My SIL had her baby 4 weeks before I had DD and I remember standing over the baby and having a major freak out - she seemed so huge and all of a sudden I wanted out.

Of course, my niece was 2.8 kgs and I went on to deliver a 4.1 behemoth, but anyway, perfectly understandable response to be freaking out.

#35 Lou-bags

Posted 14 January 2019 - 02:40 PM

View Postborn.a.girl, on 14 January 2019 - 02:31 PM, said:

Having had an elective caesar, loving the stories of vaginal births.   I somehow assumed that labour prepared women mentally for the arrival of a baby.  I'd be thinking 'feck, there needs to be damned good reward at the end of this'.

At the end, when I was actually birthing DS1, I don’t think I was thinking much about the baby at all tbh, except in the sense that I wanted it OUT! I shouted at him ‘get out!!’ a lot, and ‘get this effing baby out of me’ at whoever was there. Oh the sweet relief when it was done!

#36 seayork2002

Posted 14 January 2019 - 02:47 PM

I need to say I am in no way saying this in a bragging way at all so please do not read anything else into to it, but my situation was no morning sickness, no showing even in late pregnancy, and an epidural meant I felt nothing at all so it was the most surreal situation I have ever been through because the only symptoms I had was no period and a few contractions till the epidural kicked in.

So logically I knew I was pregnant but in my head I wasn't, not once did I FEEL pregnant, so to have 9 months of people telling me I will have a baby and to be told we had to get organised but very bizarre indeed.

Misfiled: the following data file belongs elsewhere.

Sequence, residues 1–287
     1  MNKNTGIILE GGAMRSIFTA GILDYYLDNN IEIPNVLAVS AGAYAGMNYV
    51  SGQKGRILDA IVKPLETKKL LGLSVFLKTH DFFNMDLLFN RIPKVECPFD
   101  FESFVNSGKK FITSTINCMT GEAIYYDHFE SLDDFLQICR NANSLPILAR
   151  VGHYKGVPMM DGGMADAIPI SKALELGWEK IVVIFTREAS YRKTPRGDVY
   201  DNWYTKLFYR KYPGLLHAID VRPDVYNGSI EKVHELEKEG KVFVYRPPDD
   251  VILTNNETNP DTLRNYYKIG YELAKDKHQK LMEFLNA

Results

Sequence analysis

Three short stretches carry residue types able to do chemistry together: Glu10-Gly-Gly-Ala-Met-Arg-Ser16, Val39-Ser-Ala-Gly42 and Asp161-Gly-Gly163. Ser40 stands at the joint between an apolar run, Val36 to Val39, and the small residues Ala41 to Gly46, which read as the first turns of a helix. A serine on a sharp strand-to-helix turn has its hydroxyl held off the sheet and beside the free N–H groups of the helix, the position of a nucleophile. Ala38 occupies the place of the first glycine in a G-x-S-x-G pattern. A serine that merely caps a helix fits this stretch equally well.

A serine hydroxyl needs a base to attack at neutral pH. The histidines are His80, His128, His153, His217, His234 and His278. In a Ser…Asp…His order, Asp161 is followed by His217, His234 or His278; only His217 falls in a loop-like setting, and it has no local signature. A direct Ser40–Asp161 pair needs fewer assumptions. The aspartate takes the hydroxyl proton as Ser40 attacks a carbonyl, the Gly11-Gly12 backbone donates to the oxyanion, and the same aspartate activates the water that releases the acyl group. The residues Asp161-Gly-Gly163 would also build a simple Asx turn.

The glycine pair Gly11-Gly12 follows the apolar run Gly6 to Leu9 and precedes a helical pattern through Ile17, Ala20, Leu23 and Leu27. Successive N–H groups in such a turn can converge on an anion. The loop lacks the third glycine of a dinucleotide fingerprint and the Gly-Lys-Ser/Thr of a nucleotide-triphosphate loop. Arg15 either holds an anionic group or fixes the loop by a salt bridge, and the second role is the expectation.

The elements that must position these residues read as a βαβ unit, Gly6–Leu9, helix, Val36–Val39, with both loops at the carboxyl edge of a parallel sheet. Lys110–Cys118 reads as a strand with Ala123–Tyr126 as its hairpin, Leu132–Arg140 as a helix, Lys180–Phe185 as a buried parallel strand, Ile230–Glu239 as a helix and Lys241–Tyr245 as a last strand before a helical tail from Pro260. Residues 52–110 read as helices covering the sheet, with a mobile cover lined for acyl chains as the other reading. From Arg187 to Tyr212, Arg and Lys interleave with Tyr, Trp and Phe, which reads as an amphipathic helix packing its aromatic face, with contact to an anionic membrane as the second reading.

It was like me being sat here at work and just being handed a baby and being told 'here take this'

#37 Lifesgood

Posted 14 January 2019 - 02:56 PM

Yeah its a bit of a design flaw really.

I think the pouch idea or laying an egg design would have been preferable personally.

#38 Kaz83

Posted 14 January 2019 - 07:16 PM

My most recent baby was born at 29 weeks and 1.6kgs... once she got up around the 2.5kg mark I remember thinking one day when she was lying on my chest 'she's still meant to fit inside me'!!
Considering her big sister was 4kg born she still had lots of catching up to do but she still seemed way too big to fit inside my belly.

#39 Mumma3

Posted 14 January 2019 - 07:36 PM

I remember just telling myself over and over that if billions of women had done this already, then it had to be possible. I clearly remember my second birth and the feeling of him going “pop” as he came out. It was weirdly like popping a huge pimple - a massive gush of fluid and baby.

#40 Hands Up

Posted 14 January 2019 - 07:49 PM

Yeah I remember that last week completely freaking out.

Then DS1 was born and another weird moment of oh yeah we are actually getting a baby out of this!

Then he screamed for over an hour and that is NOT what happens in birthing suites in the movies!

With DS2 we were shocked all over again as it was such an easy labour and only about ten pushes. Our OB said he’s here and my response was “no way!”

#41 Freddie'sMum

Posted 14 January 2019 - 07:54 PM

I spent most of my first pregnancy thinking to myself "Holy Hell I am PREGNANT!!".

I was so in shock that I didn't actually think until about month seven - "Holy Hell now I have to GIVE BIRTH".

That was basically my thinking until DD#1 arrived.

#42 Silverstreak

Posted 14 January 2019 - 08:04 PM